Friday, August 17, 2007

Subversive toile

After sitting through an incredibly dull Medieval Lit class on the Pastoral in grad school, I'm finding my latest craft project mighty satisfying.

Brian asked me to sew a dust cover for our keyboard and I couldn't think of anything that wasn't deadly dull, or too flashy, or something I'd get sick of after a week or two of living with it. But then I saw the toile creations on the blog Historically Inaccurate and knew there was the answer. At first glance this looks totally normal, if a bit twee for my taste:
but then you get a little closer...
and see that the piper is blowing bubbles
and the little dog is smoking a pipe.

It has been a while since I've done embroidery and I've had to pull out a few tangles, but it is coming back to me. I'm loving contemplating these pastoral scenes and figuring out how to corrupt them. My favorite so far is the viper lady (click on her for an up close view of her yellow eyes and forked tongue!):

I can't embroider while watching a movie on TV or reading, like I can with knitting, and the keyboard cover is pretty big so it'll be a work in progress for a while. But I'm getting pretty hooked on this craft and might have to make myself some matching pillows for the couch.

Thursday, August 16, 2007

Why did it take me so long....?

I've been kind of pissy in a half hearted way at my local NPR station for dropping the show Selected Shorts from their line up. Not pissy enough to stop supporting them--especially since a friend of mine is a reporter there and I like to think of my $100 going into her paycheck--but I feel a recurring grumpiness on the weekends when they play Car Talk for the 3rd time.

Selected Shorts is an hour long show where actors read short stories--some brand new, some classics--live before an audience at Symphony Space in NYC. The story selection and the actors who read them are all top notch and before WUOM dropped it, I discovered a number of new authors through this medium.

I'm a little slow here, but it just occurred to me this week that I could see if the show is podcast and it is! Now I can listen to Selected Shorts whenever I get a little break from the small people. Tuesday was a frustrating day of parenting by the end of which I decided that the kids would be better off with a three headed dog as their mother; in fact I think I resembled a three headed dog what with all the barking I'd been doing, but if I really was a three headed dog maybe they wouldn't have ignored all my barking all the damn day long. So I ditched the kids with Brian, put on my MP3 player and went for a long walk while listening to this line up:

James Thurber, “The Topaz Cufflinks Mystery,” read by Isaiah Sheffer
Collected in: James Thurber: Writings and Drawings (Library of America, Volume 90)
Fairy tale, “Tritill, Litill and the Birds,” read by Daniel Gerroll
Collected in: The Crimson Fairy Book, edited by Andrew Lang (Dover)
Edith Nesbit, “Melisande,” read by Christina Pickles
Published as: Melisande (Candlewick Press)

By the time "The Topaz Cufflinks Mystery" was over I was in a different mood entirely--I'd like to see anyone listen to this story and not crack a smile. Once I started smiling I started feeling human again and after an hour of walking and listening, I was able to head back home and actually look on my kids with affection rather than frustration. Isn't that transformative power what good fiction is all about?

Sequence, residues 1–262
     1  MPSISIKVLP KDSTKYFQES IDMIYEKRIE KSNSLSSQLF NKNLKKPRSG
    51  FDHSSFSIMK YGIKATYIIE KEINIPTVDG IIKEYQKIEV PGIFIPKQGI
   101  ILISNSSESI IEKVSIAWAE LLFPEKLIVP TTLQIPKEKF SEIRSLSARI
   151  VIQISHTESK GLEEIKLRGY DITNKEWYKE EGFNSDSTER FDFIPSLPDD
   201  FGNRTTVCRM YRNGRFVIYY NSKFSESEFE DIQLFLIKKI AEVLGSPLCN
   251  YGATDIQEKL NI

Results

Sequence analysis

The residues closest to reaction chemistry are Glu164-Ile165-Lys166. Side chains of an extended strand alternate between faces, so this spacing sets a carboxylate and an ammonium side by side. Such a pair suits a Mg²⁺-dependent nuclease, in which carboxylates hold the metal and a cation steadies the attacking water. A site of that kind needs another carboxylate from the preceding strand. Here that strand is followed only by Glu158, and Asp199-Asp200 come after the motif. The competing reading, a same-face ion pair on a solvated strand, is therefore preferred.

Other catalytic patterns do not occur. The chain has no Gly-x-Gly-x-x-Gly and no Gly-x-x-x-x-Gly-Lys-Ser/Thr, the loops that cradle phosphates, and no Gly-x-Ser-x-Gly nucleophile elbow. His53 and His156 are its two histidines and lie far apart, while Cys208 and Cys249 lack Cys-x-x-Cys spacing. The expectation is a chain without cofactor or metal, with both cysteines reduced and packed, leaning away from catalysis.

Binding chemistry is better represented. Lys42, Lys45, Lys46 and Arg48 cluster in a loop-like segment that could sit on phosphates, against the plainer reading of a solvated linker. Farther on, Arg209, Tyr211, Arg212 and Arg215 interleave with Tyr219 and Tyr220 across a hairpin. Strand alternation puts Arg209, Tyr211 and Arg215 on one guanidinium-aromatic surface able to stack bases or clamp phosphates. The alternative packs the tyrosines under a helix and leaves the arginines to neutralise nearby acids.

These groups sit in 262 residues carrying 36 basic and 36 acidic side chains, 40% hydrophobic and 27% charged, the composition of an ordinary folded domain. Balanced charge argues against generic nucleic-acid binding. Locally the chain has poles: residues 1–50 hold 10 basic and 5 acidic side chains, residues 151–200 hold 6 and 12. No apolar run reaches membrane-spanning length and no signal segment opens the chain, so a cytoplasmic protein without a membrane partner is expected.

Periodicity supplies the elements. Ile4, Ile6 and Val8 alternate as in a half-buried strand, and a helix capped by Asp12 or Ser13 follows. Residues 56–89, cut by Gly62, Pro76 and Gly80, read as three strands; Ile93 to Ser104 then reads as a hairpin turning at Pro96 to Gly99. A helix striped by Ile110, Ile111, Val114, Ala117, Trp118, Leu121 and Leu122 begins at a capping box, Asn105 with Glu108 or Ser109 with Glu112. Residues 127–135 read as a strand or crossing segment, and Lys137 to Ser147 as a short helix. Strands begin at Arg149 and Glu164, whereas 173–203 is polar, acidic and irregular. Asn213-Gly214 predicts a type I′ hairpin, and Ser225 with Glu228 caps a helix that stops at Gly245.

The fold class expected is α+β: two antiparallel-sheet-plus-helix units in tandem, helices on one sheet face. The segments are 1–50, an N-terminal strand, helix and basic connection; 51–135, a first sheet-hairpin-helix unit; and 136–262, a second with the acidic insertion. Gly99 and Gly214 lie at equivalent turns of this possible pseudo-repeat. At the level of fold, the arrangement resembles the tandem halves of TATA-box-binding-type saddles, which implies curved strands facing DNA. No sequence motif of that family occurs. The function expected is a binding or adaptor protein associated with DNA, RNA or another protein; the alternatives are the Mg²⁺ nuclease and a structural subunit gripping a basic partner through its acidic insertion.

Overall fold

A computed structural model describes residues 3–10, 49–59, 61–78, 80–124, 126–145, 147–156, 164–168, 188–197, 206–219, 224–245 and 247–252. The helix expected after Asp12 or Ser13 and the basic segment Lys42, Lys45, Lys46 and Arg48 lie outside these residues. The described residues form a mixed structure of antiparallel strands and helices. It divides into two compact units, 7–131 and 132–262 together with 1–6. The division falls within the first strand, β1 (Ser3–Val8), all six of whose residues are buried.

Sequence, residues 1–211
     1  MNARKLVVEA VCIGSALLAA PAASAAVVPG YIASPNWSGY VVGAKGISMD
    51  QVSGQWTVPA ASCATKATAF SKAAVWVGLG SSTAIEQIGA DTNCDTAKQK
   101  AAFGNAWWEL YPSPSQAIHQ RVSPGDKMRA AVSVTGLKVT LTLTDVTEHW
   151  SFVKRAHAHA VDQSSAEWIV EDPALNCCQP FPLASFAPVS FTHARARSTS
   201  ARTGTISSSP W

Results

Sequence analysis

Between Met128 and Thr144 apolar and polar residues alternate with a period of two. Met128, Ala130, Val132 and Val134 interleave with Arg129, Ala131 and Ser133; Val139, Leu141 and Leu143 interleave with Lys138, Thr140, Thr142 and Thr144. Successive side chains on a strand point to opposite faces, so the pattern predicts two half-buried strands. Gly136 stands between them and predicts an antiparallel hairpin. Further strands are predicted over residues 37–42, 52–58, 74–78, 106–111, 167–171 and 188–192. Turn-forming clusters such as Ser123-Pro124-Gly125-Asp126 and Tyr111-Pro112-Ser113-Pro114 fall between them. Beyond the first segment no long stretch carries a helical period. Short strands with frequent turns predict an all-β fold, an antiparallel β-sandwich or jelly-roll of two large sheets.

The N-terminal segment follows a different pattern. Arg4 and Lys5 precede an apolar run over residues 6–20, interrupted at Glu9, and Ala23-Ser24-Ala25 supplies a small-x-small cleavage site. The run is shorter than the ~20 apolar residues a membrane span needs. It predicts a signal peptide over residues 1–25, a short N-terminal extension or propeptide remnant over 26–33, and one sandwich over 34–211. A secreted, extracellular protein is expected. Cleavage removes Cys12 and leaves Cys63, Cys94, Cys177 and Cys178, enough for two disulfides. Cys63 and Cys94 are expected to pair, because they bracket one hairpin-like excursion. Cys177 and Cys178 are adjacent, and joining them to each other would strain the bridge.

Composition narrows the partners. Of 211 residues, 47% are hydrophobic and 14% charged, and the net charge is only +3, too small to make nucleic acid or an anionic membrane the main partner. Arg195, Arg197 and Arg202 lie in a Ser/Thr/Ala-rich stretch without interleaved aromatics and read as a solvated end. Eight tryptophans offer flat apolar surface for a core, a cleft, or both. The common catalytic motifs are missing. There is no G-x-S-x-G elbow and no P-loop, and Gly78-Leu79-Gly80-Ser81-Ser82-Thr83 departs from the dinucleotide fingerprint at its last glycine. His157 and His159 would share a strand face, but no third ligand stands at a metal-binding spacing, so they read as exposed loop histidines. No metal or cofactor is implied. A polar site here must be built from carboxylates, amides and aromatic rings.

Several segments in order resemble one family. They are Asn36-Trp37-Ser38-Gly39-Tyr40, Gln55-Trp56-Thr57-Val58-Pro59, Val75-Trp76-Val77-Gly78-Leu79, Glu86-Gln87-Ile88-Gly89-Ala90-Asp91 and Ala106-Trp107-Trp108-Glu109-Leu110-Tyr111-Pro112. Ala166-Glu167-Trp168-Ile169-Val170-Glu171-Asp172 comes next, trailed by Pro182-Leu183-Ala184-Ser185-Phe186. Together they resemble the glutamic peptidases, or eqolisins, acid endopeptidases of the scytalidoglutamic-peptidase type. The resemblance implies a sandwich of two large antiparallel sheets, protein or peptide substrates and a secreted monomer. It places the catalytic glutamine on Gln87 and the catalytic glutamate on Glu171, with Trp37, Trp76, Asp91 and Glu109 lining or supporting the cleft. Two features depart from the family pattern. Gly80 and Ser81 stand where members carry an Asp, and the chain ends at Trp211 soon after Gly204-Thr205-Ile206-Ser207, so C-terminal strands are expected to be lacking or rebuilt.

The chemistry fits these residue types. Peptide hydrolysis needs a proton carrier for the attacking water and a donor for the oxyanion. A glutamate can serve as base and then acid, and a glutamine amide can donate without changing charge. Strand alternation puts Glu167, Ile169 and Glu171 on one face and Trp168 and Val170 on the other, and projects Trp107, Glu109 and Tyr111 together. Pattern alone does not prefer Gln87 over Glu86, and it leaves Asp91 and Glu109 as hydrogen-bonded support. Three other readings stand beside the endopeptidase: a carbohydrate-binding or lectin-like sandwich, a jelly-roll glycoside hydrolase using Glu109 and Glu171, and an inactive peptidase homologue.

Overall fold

Wednesday, August 15, 2007

Summer tea and toxins

I crave iced tea in the summer far more often than I actually consume it.

Iced tea requires a little forethought--time to brew the tea and then let it cool and an appropriate container in which to store the cooled tea. I'm not so good at that planning ahead stuff but I could probably get my act together if I had the appropriate container available. My big teapot is a gorgeous Wedgewood Blue Willow wedding gift that would get smashed to pieces by the small people if I left it in the fridge.

After much searching for a sturdy yet not hideous container, I found this:
The Frigoverre 1 L glass pitcher containing concentrated iced jasmine tea.

I love this thing. And I love that it was made in Italy and yet only costs $7.50. I'm making the tea super strong so it lasts a while. When I want some, I pour about half a glass, add some ice cubes and then fill the rest of the glass up with water.

What with all the recalls of Chinese products out there, I'm a little paranoid about what I'm buying these days, especially if it will store food. I also bought the 2 L pitcher which I use for the kids orange or grape juice so I won't have to worry about crazy chemicals or lead leaching into their beverages. My kids are weird enough (charming! charmingly weird!); god only knows what a little industrial poisoning would do to them.

We also got rid of all our Nalgene bottles after discovering that they are made with a plastic that leaches Bisphenol A into the water. Don't you love it? Containers that are specifically made as water bottles with nice endocrine disruptors! My kids have been drinking from these for the past few years which probably explains a lot...but now we have replaced all the Nalgene with a combination of stainless steel Klean Kanteen and coated aluminum Sigg water bottles (which, if you aren't picky about the design on the outside of the bottle, you can often get on sale at the REI Outlet.)

I know this is just one step and we'll still be getting Bispheol A from other sources, but at least this is one relatively easy way to reduce our intake.